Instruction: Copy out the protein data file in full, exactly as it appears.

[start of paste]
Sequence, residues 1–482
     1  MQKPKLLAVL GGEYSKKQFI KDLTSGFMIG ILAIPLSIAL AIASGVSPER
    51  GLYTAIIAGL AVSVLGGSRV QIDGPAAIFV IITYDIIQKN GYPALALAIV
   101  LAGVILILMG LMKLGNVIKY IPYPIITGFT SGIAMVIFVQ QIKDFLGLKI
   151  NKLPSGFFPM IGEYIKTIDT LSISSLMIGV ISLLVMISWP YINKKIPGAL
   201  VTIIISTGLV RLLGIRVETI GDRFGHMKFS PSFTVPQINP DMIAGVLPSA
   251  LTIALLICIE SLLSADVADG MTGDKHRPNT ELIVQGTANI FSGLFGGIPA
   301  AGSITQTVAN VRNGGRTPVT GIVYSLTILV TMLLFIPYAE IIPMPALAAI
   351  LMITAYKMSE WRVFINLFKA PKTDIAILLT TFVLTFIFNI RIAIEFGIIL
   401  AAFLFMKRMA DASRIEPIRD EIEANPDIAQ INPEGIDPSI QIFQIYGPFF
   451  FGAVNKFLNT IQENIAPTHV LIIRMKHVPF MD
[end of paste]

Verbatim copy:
Sequence, residues 1–482
     1  MQKPKLLAVL GGEYSKKQFI KDLTSGFMIG ILAIPLSIAL AIASGVSPER
    51  GLYTAIIAGL AVSVLGGSRV QIDGPAAIFV IITYDIIQKN GYPALALAIV
   101  LAGVILILMG LMKLGNVIKY IPYPIITGFT SGIAMVIFVQ QIKDFLGLKI
   151  NKLPSGFFPM IGEYIKTIDT LSISSLMIGV ISLLVMISWP YINKKIPGAL
   201  VTIIISTGLV RLLGIRVETI GDRFGHMKFS PSFTVPQINP DMIAGVLPSA
   251  LTIALLICIE SLLSADVADG MTGDKHRPNT ELIVQGTANI FSGLFGGIPA
   301  AGSITQTVAN VRNGGRTPVT GIVYSLTILV TMLLFIPYAE IIPMPALAAI
   351  LMITAYKMSE WRVFINLFKA PKTDIAILLT TFVLTFIFNI RIAIEFGIIL
   401  AAFLFMKRMA DASRIEPIRD EIEANPDIAQ INPEGIDPSI QIFQIYGPFF
   451  FGAVNKFLNT IQENIAPTHV LIIRMKHVPF MD